June 10, 2009 at 9:20 am in Language
The English language received its official unofficial one millionth word this morning at 5:22 a.m. ET. And, just in time for the coming Web 3.0 phenomena, the one millionth word is…wait for it…
Of course, “Web 2.0″ being crowned the One Millionth English Word, and having the coronation at exactly 5:22 this morning, is just an estimate, made buy a website called the Global Language Monitor, “a Web site that uses a math formula to estimate how often words are created.” I like that: words used to describe a math formula used to estimate how many words there are that could be put to use to describe math formulas that estimate…well, you get the picture.
According to the article today on CNN.com:
[Global Language Monitor] estimates the millionth English word, “Web 2.0″ was added to the language Wednesday at 5:22 a.m. ET. The term refers to the second, more social generation of the Internet.
The site says more than 14 words are added to English every day, at the current rate.
The “Million Word March,” however, has made the man who runs this word-counting project somewhat of a pariah in the linguistic community. Some linguists say it’s impossible to count the number of words in a language because languages are always changing, and because defining what counts as a word is a fruitless endeavor.
Paul J.J. Payack, president and chief word analyst for the Global Language Monitor, says, however, that the million-word estimation isn’t as important as the idea behind his project, which is to show that English has become a complex, global language.
“It’s a people’s language,” he said.
Other languages, like French, Payack said, put big walls around their vocabularies. English brings others in.
“English has the tradition of swallowing new words whole,” he said. “Other languages translate.”
Certainly that’s what Wordlab has always been about: swallowing new words whole…and then regurgitating them in new combinations.
Still, Payack says he doesn’t include all new words in his count. Words must make sense in at least 60 percent of the world to be official, he said. And they must make sense to different communities of people. A new technology term that’s only understood in Silicon Valley wouldn’t count as a mainstream word, he said.
His computer models check a total of 5,000 dictionaries, scholarly publications and news articles, as well as billions of Web sites, to see how frequently words are used, he said. A word must make 25,000 appearances to be deemed legitimate.
Payack said news events have also fueled the rapid expansion of English, which he said has more words than any other language. Mandarin Chinese comes in second with about 450,000 words, he said.
English terms like “Obamamania,” “defriend,” “wardrobe malfunction,” “zombie banks,” “shovel ready” and “recessionista” all have grown out of recent news cycles about the presidential election, economic crash, online networking or a sports event, he said. Other languages might not have developed new terms to deal with such phenomena, he said.
That the true beauty and power of English, and its new global function: serving as a language laboratory for the entire world. An interesting corollary question would be how many English words die out every day, week or month? None of these new words get carved in stone, and even the Oxford English Dictionary is filled with many archaic words no longer in use.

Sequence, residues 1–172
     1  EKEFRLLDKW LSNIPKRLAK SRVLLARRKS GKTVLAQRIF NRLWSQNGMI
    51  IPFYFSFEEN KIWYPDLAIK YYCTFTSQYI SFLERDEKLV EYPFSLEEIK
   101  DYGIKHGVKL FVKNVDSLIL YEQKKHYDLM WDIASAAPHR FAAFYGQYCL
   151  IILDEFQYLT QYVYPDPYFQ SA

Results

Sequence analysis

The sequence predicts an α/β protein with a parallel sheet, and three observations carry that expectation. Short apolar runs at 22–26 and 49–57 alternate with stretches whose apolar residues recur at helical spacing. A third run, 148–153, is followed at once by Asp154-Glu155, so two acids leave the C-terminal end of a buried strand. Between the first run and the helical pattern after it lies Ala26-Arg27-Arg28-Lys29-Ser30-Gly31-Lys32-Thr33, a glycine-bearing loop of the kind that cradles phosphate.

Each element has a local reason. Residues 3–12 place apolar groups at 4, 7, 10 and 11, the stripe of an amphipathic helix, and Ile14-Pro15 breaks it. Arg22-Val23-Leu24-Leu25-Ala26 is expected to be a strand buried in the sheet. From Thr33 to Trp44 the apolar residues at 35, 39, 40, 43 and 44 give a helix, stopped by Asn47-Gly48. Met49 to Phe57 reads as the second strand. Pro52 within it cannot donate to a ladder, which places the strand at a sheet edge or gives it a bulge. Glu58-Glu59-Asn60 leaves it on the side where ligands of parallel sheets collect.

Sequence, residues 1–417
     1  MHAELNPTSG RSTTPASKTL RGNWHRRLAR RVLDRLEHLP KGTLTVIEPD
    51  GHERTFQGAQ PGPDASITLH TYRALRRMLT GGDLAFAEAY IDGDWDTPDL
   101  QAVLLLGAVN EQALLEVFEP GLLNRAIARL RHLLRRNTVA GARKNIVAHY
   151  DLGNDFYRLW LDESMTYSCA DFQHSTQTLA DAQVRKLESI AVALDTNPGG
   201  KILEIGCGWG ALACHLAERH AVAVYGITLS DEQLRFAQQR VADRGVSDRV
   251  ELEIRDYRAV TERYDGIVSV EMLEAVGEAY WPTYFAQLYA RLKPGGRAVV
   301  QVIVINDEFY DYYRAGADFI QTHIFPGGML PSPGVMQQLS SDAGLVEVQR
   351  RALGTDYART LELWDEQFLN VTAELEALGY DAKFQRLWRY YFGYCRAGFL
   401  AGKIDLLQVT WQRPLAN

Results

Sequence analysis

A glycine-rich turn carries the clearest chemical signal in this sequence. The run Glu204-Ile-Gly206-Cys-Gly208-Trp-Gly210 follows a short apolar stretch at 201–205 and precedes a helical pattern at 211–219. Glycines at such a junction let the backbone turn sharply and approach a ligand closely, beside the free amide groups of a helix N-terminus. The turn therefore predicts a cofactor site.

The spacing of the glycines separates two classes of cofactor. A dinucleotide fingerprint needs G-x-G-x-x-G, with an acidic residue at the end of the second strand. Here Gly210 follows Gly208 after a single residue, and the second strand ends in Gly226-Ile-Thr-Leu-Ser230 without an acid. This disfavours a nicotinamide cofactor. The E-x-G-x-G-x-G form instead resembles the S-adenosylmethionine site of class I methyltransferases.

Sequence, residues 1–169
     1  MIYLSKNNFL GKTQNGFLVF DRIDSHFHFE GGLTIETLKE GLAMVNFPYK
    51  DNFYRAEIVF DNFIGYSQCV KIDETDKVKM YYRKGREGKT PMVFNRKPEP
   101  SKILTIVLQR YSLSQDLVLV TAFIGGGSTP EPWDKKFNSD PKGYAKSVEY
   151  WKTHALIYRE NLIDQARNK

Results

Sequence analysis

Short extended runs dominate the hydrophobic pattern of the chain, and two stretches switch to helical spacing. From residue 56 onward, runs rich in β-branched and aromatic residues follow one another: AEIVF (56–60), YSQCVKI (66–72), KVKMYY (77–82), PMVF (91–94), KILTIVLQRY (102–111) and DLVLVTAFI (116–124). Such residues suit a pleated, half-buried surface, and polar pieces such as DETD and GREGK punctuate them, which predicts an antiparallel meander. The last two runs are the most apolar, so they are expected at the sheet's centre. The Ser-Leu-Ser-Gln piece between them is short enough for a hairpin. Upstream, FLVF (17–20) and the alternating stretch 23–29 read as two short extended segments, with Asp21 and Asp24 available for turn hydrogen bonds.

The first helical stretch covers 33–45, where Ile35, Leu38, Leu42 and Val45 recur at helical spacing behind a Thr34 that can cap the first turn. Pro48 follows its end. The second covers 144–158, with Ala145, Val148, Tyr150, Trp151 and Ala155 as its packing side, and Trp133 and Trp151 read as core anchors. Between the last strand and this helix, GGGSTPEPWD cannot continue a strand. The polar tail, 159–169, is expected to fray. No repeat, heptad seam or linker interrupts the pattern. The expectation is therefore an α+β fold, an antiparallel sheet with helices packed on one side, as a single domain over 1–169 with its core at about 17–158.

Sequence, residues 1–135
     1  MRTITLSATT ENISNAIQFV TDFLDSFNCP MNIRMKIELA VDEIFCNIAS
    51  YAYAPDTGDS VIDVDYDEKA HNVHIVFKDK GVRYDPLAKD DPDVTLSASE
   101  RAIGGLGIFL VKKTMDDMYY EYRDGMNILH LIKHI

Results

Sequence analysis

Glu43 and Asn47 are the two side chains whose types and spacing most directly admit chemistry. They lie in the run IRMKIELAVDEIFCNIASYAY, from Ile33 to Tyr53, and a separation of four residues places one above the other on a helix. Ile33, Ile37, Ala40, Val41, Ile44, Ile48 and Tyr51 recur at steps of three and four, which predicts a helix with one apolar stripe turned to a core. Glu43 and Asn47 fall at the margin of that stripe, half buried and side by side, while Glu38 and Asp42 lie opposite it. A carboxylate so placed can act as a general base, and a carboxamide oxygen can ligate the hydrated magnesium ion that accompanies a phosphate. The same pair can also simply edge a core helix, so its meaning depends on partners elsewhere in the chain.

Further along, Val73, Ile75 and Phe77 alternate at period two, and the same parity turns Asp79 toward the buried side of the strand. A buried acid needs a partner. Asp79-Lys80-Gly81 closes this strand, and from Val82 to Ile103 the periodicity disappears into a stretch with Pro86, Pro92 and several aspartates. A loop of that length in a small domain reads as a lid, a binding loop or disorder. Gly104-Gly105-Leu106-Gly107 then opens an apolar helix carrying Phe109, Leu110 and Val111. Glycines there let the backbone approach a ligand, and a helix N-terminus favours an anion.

Language experts who spoke with CNN said they disapprove of Payack’s count, but they agree that English generally has more words than most, if not all, languages.
“This is stuff that you just can’t count,” said Jesse Sheidlower, editor at large of the Oxford English Dictionary. “No one can count it, and to pretend that you can is totally disingenuous. It simply can’t be done.”
The Oxford English Dictionary has about 600,000 entries, Sheidlower said. But that by no means includes all words, he said.
… Part of what makes determining the number of words in a language so difficult is that there are so many root words and their variants, said Sarah Thomason, president of the Linguistic Society of America and a linguistics professor at the University of Michigan.
… Linguists and lexicographers run into further complications when trying to count words that are spelled one way but can have several meanings, said Allan Metcalf, an English professor at MacMurray College in Illinois, and an officer at the American Dialect Society.
“The word bear, b-e-a-r — is that two words or one, for example? You have a noun that’s a wild creature and then you have b-e-a-r, [which means] to bear left or to bear right, and there’s many other things,” he said. “So you really can’t be exact about a millionth word.”
Can any of these linguists or word-counters bear to get into pun territory? Absolutely each meaning of “bear” and every other word should count as a separate word — again, multiple meanings, puns, homonyms, all are part of what gives the English language so much flavor and customizability (not a word, BTW, according to the OED). Call it Language 2.0 if you must (but really, please don’t — I’m just planting a virus here).
[Payack] said the count is meant to be a celebration of English as a global language. And, while he says other languages are being stamped out by English’s expansion, it’s a powerful thing that so many people today are able to communicate with such a vast list of words.
Here here, brother. As William S. Burroughs famously said, “Language is a virus“. And English, with its metastasizing foam of wordbirth and worddeath, is the smallpox of languages.